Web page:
A Black Family's Letters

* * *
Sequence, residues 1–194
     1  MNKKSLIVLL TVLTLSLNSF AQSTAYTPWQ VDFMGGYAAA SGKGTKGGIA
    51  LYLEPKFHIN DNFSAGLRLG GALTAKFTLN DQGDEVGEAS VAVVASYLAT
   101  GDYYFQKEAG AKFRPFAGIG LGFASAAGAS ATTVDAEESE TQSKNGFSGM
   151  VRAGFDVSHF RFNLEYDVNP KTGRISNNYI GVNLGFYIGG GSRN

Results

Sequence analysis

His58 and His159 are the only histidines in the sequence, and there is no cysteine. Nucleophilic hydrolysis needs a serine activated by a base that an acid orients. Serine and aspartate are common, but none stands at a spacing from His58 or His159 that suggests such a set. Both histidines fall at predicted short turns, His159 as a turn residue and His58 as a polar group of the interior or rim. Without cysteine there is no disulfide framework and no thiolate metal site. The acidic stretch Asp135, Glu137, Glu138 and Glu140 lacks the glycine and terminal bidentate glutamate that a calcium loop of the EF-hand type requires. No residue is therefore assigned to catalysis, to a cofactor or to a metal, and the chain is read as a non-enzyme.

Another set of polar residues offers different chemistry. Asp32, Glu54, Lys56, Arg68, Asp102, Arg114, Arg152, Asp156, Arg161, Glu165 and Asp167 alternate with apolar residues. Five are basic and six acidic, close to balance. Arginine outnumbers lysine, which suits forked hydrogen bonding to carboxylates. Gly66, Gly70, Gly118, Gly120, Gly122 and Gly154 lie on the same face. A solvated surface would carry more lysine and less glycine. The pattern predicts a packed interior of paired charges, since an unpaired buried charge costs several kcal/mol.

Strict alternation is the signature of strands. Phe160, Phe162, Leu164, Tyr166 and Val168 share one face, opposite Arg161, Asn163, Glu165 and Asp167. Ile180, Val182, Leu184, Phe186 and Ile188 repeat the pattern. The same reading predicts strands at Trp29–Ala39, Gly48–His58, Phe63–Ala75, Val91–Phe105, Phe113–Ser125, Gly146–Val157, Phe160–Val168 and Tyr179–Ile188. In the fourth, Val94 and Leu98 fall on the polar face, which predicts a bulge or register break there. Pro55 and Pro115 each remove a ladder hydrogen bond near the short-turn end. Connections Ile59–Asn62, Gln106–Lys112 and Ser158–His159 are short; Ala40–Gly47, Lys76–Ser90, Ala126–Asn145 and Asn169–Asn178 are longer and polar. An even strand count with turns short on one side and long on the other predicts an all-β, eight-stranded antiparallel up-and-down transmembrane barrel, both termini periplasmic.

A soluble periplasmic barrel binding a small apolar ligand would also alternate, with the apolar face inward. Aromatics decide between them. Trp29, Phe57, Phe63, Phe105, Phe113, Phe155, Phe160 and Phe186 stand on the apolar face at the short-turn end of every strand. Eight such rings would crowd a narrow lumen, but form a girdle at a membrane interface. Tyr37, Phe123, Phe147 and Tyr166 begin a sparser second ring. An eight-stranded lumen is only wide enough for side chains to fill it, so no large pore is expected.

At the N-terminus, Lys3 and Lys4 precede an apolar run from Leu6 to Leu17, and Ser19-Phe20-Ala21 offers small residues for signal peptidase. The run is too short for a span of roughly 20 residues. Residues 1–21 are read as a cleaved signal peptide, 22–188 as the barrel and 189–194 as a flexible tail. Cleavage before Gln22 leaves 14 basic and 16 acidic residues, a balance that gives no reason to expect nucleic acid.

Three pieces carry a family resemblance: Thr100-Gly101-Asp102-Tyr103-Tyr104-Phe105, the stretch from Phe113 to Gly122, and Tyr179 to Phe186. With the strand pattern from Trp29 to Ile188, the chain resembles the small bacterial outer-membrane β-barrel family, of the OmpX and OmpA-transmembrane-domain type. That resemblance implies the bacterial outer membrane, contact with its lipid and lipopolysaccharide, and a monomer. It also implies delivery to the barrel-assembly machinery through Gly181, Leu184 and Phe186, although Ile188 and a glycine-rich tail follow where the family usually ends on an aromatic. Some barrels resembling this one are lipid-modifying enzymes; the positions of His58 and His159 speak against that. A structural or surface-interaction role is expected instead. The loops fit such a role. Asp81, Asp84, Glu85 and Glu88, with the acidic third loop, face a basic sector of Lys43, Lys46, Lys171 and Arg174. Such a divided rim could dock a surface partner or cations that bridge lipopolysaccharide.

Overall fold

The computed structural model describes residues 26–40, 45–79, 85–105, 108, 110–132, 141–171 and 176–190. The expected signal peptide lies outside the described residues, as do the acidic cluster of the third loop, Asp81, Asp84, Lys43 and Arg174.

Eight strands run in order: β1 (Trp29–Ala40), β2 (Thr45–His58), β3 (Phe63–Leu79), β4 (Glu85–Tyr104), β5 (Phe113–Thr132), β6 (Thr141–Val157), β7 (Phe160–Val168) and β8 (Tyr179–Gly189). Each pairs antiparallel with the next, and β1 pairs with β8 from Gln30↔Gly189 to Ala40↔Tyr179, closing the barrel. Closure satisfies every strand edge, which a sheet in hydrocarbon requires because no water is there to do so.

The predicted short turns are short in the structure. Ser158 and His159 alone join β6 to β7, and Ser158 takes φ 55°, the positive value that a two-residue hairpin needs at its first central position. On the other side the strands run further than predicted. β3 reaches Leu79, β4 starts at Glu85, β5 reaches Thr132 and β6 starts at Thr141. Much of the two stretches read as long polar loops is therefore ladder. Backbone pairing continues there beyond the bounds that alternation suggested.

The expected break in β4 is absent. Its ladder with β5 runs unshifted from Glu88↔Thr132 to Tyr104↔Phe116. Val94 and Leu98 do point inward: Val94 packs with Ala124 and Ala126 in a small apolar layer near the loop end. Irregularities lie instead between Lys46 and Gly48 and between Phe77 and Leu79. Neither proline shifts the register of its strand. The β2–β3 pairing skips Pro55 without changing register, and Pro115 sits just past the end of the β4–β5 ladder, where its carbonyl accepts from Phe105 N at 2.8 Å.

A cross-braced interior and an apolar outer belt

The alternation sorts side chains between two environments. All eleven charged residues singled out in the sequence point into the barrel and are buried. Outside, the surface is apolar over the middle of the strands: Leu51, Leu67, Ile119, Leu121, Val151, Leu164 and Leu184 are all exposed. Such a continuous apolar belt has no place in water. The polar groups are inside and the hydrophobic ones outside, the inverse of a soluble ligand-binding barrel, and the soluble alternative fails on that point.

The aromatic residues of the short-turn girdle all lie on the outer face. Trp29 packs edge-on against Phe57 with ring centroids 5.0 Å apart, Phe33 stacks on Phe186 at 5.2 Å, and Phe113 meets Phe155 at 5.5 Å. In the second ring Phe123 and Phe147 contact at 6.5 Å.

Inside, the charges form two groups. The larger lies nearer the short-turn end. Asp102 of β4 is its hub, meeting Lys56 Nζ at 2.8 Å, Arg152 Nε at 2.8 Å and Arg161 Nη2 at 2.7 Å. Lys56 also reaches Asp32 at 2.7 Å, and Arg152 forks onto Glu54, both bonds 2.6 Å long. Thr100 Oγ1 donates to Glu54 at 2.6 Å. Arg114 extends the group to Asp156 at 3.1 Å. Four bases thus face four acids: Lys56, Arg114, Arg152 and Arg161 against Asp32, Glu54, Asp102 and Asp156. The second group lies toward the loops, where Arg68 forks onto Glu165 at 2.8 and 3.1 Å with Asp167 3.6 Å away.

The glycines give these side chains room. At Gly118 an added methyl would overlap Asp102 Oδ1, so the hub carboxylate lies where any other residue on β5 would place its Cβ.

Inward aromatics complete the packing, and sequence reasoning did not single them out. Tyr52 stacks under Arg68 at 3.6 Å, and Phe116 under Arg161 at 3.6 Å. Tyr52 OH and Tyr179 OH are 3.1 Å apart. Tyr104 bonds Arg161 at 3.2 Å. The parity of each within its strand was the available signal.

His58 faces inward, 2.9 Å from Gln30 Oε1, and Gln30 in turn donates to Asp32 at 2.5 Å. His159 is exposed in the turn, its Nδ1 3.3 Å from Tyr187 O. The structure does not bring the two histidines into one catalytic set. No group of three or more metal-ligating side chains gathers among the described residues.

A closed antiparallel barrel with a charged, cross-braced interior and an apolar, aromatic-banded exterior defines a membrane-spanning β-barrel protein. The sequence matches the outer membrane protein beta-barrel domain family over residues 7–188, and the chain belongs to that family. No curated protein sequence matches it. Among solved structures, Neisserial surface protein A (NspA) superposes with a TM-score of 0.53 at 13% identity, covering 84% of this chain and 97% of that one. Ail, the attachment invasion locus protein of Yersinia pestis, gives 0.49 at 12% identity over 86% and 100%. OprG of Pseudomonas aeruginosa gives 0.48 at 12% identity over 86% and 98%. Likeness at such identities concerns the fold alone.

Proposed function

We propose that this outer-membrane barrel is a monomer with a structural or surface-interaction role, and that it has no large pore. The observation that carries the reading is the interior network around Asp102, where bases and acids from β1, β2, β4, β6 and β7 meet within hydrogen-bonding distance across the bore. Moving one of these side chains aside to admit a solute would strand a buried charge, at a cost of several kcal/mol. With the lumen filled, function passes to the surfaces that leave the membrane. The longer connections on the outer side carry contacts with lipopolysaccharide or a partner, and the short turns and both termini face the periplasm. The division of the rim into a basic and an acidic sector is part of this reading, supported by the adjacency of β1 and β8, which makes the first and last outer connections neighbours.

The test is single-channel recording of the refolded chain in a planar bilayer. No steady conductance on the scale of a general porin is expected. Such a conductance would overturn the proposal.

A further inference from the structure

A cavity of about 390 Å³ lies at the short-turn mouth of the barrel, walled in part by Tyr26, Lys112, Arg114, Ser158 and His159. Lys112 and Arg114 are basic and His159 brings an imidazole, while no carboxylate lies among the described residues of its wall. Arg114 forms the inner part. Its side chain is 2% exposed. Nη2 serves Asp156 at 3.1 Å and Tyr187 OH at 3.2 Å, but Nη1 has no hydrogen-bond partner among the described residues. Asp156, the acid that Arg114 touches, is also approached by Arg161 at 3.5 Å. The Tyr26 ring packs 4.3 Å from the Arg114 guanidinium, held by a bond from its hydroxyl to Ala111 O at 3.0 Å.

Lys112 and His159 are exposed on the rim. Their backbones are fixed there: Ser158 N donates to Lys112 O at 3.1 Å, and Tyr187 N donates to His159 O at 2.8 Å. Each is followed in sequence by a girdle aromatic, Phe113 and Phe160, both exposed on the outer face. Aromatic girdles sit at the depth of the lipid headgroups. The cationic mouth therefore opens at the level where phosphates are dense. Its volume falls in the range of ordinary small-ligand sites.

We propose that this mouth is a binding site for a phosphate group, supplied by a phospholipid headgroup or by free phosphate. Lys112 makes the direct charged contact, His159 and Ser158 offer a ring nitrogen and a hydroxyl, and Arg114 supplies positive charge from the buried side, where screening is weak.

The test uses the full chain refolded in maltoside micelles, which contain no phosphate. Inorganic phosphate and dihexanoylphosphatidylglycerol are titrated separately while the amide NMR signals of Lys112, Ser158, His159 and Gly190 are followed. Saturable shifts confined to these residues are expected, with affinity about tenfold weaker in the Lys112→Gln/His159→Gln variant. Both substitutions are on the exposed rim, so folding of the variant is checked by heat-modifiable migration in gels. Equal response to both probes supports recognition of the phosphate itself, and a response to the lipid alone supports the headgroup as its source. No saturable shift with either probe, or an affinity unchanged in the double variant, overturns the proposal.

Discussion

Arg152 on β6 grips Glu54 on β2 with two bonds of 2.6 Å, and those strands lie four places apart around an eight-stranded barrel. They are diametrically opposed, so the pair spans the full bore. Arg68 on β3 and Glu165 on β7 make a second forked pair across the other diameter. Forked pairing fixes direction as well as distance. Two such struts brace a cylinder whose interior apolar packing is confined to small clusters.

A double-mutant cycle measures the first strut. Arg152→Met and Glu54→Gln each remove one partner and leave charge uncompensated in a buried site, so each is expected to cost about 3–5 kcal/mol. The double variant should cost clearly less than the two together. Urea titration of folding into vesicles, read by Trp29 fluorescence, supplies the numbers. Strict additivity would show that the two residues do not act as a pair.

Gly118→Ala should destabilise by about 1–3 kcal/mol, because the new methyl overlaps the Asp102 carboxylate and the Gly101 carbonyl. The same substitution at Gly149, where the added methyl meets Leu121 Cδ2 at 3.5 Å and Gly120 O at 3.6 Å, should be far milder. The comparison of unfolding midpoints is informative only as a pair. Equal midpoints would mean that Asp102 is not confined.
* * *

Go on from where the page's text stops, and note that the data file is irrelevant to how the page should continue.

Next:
Ann Petry (1908-1997) achieved prominence during a period in which few black women were published with regularity in America. Her novels Country Place (1947) and The Narrows (1988), along with various short stories and nonfiction, poignantly described the struggles and triumphs of middle-class blacks living in primarily white communities. Petry's ancestors, the James family, served as in-spiration for much of her fiction. This collection of more than four hundred family letters, edited by the daughter of Ann Petry, is an engaging portrait of black family life from the 1890s to the early twentieth century, a period not often documented by African American voices. Ann Petry's maternal grandfather, Willis Samuel James, was a slave taught by his children to read and write. He believed "the best place for the negro is as near the white man as he can get." He followed that "truth," working as coachman for a Connecticut governor and buying a house in a white neighborhood in Hartford. Willis had sixteen children by three wives. The letters in this collection are from him and his second wife, Anna E. Houston James, and five of Anna's children, of whom novelist Ann Petry's mother, Bertha James Lane, was the oldest. History is made and remade by the availability of new documents, sources, and interpretations. Can Anything Beat White? contributes a great deal to this process. The experiences of the James family as documented in their letters challenge both representations of black people at the turn of the century as well as our contemporary sense of black Americans. Elisabeth Petry is a freelance writer with a Juris Doctor degree from the University of Pennsylvania Law School. She lives in Middletown, Connecticut. Her work has appeared in Northeast (the magazine of the Hartford Courant) and Work-Boat magazine.